Caesar Salad By Way of Chicory Obsession

So this post is a bit full circle from why I started this blog. I started writing about farms and cooking more meals to inspire my friends, family, and Instagram community. What I mean by inspire is encourage people to get involved in their local food communities and connect with people who are a part of the circular food economy like chefs and farmers and seed growers and farm conservators and many more. Jason and Siri from Local Roots Farms are passionate about chicories and grow many varieties after years of research and studies and just plain old trial and error on their farm in Duvall, WA. They wanted to share their passion with Seattle and after hosting a smaller Radicchio celebration with friends and chefs at their farm, this year they launched a full on Sagra Di Radicchio aka “Chicory Week”, a weeklong celebration involving the top Seattle restaurants and other partners in an effort to showcase the delicious plant. When I heard about the event, I knew right away I wanted to attend. It was lovely to meet Jason and Siri, try all of the fruits of their labor, and eat so many savory bites using their chicories! I could not wait to get home and share it with you.


I’ve always had an affinity for bitter flavors. It started with endive. My mom loved the stuff and would use endive in salads for any holidays or dinner parties. Later, I learned to love fennel, embracing the anise flavor in the vegetable that would lead to learning all about amaro. Amaro is a liquor that ranges from very bitter to just a touch bitter and mostly sweet. Italians drink amaro after a heavy meal as a digestive. I would drink it with soda water at lunch as a “light mid-day cocktail” between work meetings. Seriously, try it — it tastes like coca-cola!

Fast forward to today and I am a full-fledged chicory fan. I use all different varieties from the very bitter Radicchio to the slightly sweet Puntarelle in salads, grilled over wood or coals, in soups, and other dishes, too. Chicories are delicious; and once you feel comfortable balancing the bitterness you’ll be a convert!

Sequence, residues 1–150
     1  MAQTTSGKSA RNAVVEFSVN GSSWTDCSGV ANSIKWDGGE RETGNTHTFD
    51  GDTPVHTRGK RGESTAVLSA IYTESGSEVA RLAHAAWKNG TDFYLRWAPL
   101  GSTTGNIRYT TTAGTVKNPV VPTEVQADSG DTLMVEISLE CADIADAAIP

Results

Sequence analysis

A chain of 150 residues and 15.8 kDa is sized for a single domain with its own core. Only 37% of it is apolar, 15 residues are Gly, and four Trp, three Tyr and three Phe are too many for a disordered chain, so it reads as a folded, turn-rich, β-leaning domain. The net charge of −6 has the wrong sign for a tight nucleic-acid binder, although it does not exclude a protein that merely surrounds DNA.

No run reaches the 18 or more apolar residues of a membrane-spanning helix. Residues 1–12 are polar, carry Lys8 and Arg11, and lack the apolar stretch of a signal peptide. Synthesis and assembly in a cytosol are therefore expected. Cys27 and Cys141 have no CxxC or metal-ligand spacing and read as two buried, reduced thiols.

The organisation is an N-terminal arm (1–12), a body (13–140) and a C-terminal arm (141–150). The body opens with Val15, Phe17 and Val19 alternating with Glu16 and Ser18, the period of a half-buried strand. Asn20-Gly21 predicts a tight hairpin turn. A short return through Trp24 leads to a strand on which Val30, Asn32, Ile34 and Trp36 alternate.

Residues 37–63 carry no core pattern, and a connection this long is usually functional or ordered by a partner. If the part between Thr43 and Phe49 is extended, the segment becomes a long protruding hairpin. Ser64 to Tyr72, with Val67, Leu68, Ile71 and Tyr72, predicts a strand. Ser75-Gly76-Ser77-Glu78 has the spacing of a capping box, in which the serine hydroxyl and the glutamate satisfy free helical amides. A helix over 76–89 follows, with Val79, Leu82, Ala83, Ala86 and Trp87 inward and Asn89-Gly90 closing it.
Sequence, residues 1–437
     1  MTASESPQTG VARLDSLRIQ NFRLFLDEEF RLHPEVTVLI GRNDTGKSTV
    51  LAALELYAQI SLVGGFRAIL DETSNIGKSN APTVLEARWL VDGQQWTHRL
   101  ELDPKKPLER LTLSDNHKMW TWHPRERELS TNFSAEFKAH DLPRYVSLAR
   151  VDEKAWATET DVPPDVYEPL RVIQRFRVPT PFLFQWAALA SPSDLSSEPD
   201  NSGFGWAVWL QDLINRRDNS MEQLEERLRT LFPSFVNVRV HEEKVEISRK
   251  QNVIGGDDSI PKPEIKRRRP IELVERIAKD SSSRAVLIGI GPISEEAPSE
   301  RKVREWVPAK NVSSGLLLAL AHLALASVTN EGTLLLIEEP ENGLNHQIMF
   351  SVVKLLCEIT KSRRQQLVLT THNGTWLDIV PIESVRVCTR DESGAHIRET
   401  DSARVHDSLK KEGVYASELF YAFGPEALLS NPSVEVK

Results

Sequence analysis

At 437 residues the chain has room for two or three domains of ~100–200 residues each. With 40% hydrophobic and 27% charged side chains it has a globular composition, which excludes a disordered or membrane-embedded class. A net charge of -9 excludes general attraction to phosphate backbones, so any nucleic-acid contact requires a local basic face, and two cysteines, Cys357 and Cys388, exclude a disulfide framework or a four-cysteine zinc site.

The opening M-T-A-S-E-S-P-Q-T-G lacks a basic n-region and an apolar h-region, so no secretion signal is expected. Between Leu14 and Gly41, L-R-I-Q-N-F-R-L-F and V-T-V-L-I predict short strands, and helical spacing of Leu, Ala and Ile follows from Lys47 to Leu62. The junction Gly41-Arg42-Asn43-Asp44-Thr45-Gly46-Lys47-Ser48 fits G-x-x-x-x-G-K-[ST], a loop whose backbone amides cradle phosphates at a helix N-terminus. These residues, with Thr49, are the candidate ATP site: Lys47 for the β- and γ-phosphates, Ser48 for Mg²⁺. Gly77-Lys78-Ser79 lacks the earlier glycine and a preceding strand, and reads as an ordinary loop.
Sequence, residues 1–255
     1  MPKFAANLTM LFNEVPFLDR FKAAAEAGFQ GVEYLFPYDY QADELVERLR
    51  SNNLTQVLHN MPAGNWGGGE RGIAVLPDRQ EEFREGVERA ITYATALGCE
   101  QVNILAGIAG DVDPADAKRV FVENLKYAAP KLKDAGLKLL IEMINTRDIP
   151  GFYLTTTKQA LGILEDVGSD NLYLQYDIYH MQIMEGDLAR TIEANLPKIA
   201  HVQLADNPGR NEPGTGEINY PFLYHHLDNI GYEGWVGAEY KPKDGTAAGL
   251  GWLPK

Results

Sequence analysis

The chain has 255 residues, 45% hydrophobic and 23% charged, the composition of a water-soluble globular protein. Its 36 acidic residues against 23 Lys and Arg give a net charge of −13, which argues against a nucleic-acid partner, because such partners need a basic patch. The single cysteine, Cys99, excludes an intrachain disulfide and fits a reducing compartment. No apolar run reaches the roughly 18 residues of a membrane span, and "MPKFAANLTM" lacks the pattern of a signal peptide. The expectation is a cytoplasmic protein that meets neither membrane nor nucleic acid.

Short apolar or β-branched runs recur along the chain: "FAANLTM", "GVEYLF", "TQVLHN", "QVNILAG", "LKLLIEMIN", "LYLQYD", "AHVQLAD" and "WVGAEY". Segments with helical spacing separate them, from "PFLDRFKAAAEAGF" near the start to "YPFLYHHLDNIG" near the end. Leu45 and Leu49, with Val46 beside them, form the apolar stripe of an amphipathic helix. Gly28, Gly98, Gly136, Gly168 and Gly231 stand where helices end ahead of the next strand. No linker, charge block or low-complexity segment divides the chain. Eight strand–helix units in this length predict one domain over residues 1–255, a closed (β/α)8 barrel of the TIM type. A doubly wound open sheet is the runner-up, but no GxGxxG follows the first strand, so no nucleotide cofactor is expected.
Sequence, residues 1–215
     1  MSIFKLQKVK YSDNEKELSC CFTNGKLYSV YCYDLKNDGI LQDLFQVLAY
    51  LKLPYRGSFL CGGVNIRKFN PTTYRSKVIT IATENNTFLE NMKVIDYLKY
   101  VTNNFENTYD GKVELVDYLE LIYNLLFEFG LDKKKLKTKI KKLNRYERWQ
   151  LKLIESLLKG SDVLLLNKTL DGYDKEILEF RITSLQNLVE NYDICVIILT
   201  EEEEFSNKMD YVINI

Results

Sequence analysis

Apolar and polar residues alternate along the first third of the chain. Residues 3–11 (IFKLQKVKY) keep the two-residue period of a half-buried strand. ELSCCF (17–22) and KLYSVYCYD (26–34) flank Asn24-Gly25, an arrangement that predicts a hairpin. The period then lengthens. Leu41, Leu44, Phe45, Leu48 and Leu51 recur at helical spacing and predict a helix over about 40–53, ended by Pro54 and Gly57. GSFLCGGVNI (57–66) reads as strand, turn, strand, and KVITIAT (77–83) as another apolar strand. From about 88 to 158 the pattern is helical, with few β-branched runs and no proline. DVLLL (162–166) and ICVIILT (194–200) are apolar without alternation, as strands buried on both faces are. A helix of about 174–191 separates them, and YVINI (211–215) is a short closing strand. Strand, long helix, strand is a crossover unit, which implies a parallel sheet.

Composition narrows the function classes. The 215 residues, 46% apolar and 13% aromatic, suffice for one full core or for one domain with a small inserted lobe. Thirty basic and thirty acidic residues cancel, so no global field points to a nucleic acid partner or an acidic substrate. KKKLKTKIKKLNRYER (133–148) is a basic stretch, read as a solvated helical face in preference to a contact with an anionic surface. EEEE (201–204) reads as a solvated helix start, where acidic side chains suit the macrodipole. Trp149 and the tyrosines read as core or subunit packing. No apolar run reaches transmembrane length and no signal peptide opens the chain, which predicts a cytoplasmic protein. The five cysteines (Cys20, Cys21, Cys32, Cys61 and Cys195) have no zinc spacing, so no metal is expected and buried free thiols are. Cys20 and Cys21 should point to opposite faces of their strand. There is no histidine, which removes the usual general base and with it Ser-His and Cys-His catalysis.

My favorite bite of the day was from Spinasse, an Italian restaurant with cuisine specific to Piedmonte. Spinasse has become a favorite restaurant of my husband and I. At the Sagra, they served a deconstructed Caesar salad - hard boiled egg, anchovy, lettuce tossed in a light vinaigrette, and big icy shavings of parmigiana cheese. There’s no better time than now to add my take of this salad. I won’t even try to remember all of the times I have made it, because it’s become such a favorite in our home. Use any chicories that are freshest, and ask your farmer his and her favorites too!


Caesar Salad, Kinda

Makes 4 servings

6 anchovies, good quality preferably packed in salt or oil

1 head of Castelfranco lettuce (or any mix of chicories)

2 eggs (the best quality you can afford)

1/2 TSP dijon mustard

1 clove of garlic

Parmigiana Reggiano (the best quality you can afford)

1/2 C olive oil

3 TB red wine vinegar

Start this recipe by adding the two eggs to a small saucepot and covering with water by 1 inch. Bring to a boil and shut off the heat. Cover for 10 minutes, then remove the eggs and place into a small bowl with ice water. While the eggs are going, prepare your lettuce. Theres a great video on the right way to wash your lettuce here.

While the water is boiling, add two anchovies, a small pinch of salt, and garlic to your mortar and pestle and pound until a fine paste. Then add your dijon mustard and red wine vinegar. once it’s well mixed, add the olive oil little by little until it is a smooth dressing. Another video on how to do this here. Taste it for seasoning and add fresh black pepper and salt to taste.